SOCIAL SECURITY AND DISABILITY
People whom the Social Security Administration finds disabled may be eligible for Supplemental Security Income (SSI) and Texas Medicaid or for Social Security Disability Insurance (SSDI) and, after 24 months, Medicare. Some people are eligible for both. Qualified disabled or elderly veterans with a limited income may also be eligible for pension benefits. These must be applied for separately.
Applications for Supplemental Security Income and Social Security Disability Insurance are available at www.ssa.gov.
Financial eligibility determinations do not include income from a Texas ABLE Act Account or a Special Needs Trust.
Applying for Supplemental Security Income and Social Security Disability Income
Just like Medicaid and Medicare, SSI and SSDI sound similar and are easy to confuse. Many parents of disabled children know to apply for SSI three months before their child turns 18 in order for the child to receive SSI as an adult. Fewer seem to also know that they should also apply for SSDI if the child is unmarried and is both disabled before 18 and as an adult. This application must be filed before the child is 22. SSDI benefits are the equivalent of 50% of the retirement benefits of a parent who is retired or disabled and 75% of the retirement benefits of a parent who has died. Like those benefits, they grow with a cost-of-living adjustment.
Social Security is a complex area. While efforts are being made to improve and standardize its administration, funding and in some places office hours have been cut back substantially. Applicants should not be surprised by errors, long delays and lost files. Keep and submit complete records. Reply promptly. Appeal repeatedly. In 2014, only 32% of applications were approved on initial submission; 11% were approved on Reconsideration; and 45% were approved by a Social Security Administrative Law Judge. Some were approved or sent back for Reconsideration by the Social Security Appeals Council or a U.S. District Court. The key to securing Social Security benefits appears to be to simply not give up.
Getting Help in the Application Process
Texas Parent for Parent offers a two hour introductory class. NOLO’s Guide to Social Security Disability: Getting and Keeping Your Benefits and other books such as Social Security Disability Guide and How to Get SSI and Social Security Disability are available at many libraries and can be purchased online. The Social Security Administration’s internal guidelines, the Program and Operation Manuals (“POMS”) are available online at https://secure.ssa.gov/poms.nsf/home!readform. If something goes terribly awry, you might want to consult an attorney or contact your Congressperson. But in most instances polite perseverance will move the application through what can be an exasperating series of delays and denials.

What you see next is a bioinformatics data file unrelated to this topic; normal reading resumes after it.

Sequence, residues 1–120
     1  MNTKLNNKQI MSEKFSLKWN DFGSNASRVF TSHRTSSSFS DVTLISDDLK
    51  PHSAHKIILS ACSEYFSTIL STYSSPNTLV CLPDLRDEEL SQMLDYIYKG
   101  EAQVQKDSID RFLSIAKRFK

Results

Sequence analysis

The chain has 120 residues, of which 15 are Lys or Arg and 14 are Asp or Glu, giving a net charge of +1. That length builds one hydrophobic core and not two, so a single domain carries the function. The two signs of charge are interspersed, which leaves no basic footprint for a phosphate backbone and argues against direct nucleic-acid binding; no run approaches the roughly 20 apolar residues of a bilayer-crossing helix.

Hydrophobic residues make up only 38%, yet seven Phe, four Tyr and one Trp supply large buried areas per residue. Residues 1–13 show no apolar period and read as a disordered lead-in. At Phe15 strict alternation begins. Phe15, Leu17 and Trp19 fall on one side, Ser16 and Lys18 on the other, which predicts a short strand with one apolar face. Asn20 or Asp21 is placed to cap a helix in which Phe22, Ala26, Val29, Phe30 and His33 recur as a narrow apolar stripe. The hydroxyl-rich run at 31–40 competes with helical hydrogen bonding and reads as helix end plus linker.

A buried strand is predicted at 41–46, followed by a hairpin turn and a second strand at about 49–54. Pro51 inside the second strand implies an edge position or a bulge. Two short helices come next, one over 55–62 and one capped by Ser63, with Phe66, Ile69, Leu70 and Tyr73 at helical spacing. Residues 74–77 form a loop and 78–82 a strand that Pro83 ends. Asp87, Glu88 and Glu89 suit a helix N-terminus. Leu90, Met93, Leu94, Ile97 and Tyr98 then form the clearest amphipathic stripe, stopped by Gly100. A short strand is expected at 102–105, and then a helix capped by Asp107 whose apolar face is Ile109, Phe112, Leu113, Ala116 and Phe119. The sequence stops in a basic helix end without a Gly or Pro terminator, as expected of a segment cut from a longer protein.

You can appoint someone as your personal representative to help you apply. Use Form SSA-1686, found at https://www.ssa.gov/forms.ssa-1686.html.
It is only at the fourth level, appealing to an Administrative Law Judge, that it may be necessary to hire a lawyer as your personal representative. The lawyer is paid out of the back benefits if your claim is approved. If there are no back benefits, you and the lawyer must file a fee petition. Many lawyers who specialize in this area are members of the National Organization of Social Security Claimant Representatives. They handle Social Security appeals day in and day out.
After Benefits have been Awarded
After benefits have been awarded, the Social Security Administration will accept a statement from the beneficiary or a form from a physician stating that an SSI or SSDI recipient is incapable of handling their own finances. It will then appoint a representative payee.
SSI or SSDI funds are automatically deposited in a separate bank account and must be spent first on housing and food and then on medical care and education. They can be supplemented by funds from a Texas ABLE Account, Permitted Distributions from a Special Needs Trust and, within limits, earned income. In-kind support and maintenance, such as that for someone living with gainfully employed parents, can reduce SSI benefits but by no more than $270 (2018) per month. Unearned income, such as birthday gifts, of up to $20 per month do not reduce SSI benefits.
In Texas, Supplemental Security Insurance automatically comes with Medicaid.
But you do not need to qualify for Supplemental Security Insurance to qualify for Medicaid. Qualifying for Medicaid and Medicaid waiver programs varies greatly from program to program. There are over 40 Medicaid programs in Texas. Eligibility for each program should be investigated separately.
If you become disabled after paying into Social Security through payroll deductions for at least 10 years, Social Security Disability Insurance is payable to you at the full amount you would collect as a retirement benefit. It is replaced by your retirement benefit when you reach “full retirement age” (between 66 and 67 depending on when you were born). In addition, some of your family members may be eligible for a Social Security Disability Insurance benefit based on your work record. These include
Unmarried children under 18 (19 if in high school);
Unmarried children 18 or older who became disabled before age 22;
Your current, or in some cases former, spouse age 62 or older or caring for your child under 16 or caring for your disabled child of any age if that child is also receiving Social Security Disability Income;
A disabled widow or widower age 50 or older;
A disabled divorced widow or widower age 50 or older if you were married for more than 10 years.
It’s never too early to plan for your future.